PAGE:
November 21st 2017

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Uhuru ignores nurses strike as new manifesto pledges improved healthcare

The question however is, for how long will poor Kenyans continue to suffer over the doctors and the nurses’ strike and yet the government had promised to increase their pay as well as improving the Healthcare?

By Julliet Mwihakijmwihaki@kenyafreepress.comTuesday, 27 Jun 2017 13:43 EAT

President Kenyatta (right) and his deputy William Ruto (left) during the unveiling of the Jubilee Party Manifesto for 2017 at the Moi International Sports Centre, Kasarani.

President Uhuru Kenyatta’s Jubilee government last night launched its manifesto pledging to offer free, quality primary healthcare if re-elected.

But this happened as the nurses strike entered its fourth week yesterday with  the Jubilee government and governors failing to resolve the dispute and call off the strike. Patients continue to die as they remain unattended to at public hospitals and today Kenya National Union of Nurses (KNUN) Secretary General Seth Panyako released the demonstration schedule for striking nurses this week, an indication that the strike will take  longer than expected.

During the Manifesto launch at Kasarani Stadium, Jubilee Party pledged to provide free treatment through an expanded National Health Insurance Fund (NHIF) to cover all Kenyans aged 70 years and above, all new born children with their mothers. The plan is also to expand the free maternity programme together with physically challenged children and ensure it covers broader services.

The Jubilee party also pledged to set-up 10 new referral hospitals across the country giving a comparison of 2013 where there were 56 ICU and now they have increased to 83 ICU in the major hospitals of the country. Jubilee manifesto also states that to reduce the heavy financial load and other issues faced by cancer patients with a pledge to establish a least one specialized cancer hospital.

In addition, Jubilee Manifesto states that internet-enabled communication in all hospitals for purposes of expert guidance and support across the world.They will increase the number of health facilities at the community level including mobile health services   to  fully equipped health Centres around their homes.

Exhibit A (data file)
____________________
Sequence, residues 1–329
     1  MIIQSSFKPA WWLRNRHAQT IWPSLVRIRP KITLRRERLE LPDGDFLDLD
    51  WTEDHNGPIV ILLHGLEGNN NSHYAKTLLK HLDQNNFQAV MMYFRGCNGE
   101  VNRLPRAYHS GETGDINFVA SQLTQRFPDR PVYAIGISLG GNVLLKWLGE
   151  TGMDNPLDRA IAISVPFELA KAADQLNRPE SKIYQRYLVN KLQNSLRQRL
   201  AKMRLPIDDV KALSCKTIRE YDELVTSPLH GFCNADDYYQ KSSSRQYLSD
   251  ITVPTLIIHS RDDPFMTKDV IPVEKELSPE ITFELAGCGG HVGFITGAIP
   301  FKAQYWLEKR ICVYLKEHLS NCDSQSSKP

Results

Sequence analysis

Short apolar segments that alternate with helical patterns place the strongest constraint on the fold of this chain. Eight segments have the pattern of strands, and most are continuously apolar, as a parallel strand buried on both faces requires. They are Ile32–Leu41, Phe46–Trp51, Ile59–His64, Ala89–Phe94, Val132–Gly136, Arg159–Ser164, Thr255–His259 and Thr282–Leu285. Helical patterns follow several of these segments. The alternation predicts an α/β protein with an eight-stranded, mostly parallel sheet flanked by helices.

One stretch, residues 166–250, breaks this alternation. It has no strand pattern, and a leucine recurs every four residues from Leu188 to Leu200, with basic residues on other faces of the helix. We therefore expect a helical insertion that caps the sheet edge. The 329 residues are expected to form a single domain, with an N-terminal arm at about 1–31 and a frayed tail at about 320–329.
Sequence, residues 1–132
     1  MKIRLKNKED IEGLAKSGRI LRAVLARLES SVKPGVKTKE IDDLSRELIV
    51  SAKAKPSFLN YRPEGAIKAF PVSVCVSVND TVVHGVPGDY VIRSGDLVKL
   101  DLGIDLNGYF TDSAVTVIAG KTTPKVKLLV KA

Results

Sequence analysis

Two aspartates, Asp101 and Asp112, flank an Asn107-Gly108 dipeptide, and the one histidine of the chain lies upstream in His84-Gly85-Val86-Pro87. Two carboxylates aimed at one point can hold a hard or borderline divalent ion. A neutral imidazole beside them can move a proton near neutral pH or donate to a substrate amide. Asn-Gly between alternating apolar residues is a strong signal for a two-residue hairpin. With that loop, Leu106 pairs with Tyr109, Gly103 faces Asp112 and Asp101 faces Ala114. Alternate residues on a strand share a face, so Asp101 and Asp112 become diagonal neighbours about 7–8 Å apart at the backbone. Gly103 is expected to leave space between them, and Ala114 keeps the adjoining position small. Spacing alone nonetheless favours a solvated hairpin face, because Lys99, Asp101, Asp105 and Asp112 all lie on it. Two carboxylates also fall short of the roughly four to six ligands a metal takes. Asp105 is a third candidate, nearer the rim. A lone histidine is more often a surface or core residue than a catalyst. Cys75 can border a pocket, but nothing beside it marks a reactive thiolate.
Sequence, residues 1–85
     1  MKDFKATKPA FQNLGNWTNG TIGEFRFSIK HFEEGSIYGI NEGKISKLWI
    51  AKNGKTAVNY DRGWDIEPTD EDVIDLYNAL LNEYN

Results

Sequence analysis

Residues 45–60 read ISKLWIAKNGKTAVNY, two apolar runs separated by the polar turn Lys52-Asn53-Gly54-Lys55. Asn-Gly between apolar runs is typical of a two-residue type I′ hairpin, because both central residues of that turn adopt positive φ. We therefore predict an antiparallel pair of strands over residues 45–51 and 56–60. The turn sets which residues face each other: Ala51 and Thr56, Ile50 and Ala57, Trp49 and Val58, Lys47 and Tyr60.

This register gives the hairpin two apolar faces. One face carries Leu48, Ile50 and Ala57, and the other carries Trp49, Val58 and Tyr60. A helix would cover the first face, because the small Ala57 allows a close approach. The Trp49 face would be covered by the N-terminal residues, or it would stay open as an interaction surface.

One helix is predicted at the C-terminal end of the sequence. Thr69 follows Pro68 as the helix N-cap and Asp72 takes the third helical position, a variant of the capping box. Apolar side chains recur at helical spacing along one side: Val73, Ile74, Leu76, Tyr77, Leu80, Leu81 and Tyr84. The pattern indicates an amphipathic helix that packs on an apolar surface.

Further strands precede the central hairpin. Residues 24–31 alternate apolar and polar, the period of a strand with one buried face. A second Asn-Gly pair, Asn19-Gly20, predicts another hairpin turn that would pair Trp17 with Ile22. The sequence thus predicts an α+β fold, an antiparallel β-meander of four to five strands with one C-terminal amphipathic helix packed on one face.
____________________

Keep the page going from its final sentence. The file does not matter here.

However, the Jubilee government has not made any statements on the issue of the nurses who are still on strike. Meanwhile, the Kenya Medical Practitioners and Dentists union secretary general Ouma Olugu said that the hospitals cannot operate without the Nurses adding that the situation in the public hospitals is getting worse.

The union therefore urged the council of governors to solve the strike as quickly as possible stating that the nurses are the backbone of every medical facility. Kisumu Health Chief Officer Lusi Ojwang’ stated that the strike is so unfortunate since it has occurred just after two weeks after the doctors strike ended.

The ruling Jubilee government made a strong manifesto in 2013 promising to do great things, for Kenyans.One of the  key issues being healthcare.  It had promised to establish low cost diagnostic centers as well as providing adequate screening and treatment facilities that will help to treat persons with chronic and terminal conditions that include, cancer, diabetes as well as kidney failure.

When they took over the government in 2013 the dialysis machines in the public health institutions were only 44  including even Kenyatta National Hospital and Eldoret Referral Hospital, they have managed to raise this to 289 dialysis machines across the country.

So far, the government has delivered through the Managed Equipment Services scheme which helped increase and improve medical facilities across the country. Jubilee also promised to increase pay for the doctors and the nurses as well as other health practitioners but this has not been fulfilled. After the jubilee administration came to power the doctors went on strike citing a collective bargaining agreement that they had signed. The strike lasted for three months and this caused the lives of the poor Kenyans.

The greatest gain that Jubilee has made is the free maternity programme which has doubled the number of Kenyan mothers who can now access an affordable maternal healthcare.

The opposition on its part has promised to launch the Universal Health Service Fund {UHSF} that will help to see a fall in huge medical bills. The fund will ensure patients receive treatment as has been the case with NHIF cards and private health insurances. The opposition leaders in their manifesto to be launched later today promise to ensure that the money meant for the patients is not put to other uses.

The 2017 Jubilee manifesto has pledged free maternity care to include the government-funded cover NHIF for every expectant mother for one year. In addition to that the party plans to double the number of vulnerable citizens that are supported by the cash transfer program Inua Jamii from 700,000 to 1.4 million citizens. This will include all citizens above the age of 70 who will also receive the insurance cover through the NHIF.   

The question however is, for how long will the poor Kenyans continue to suffer over the doctors and the nurses’ strike and yet the government had promised to increase their pay as well as improving the Healthcare?

Lucy Mwihaki contributed reporting for this article

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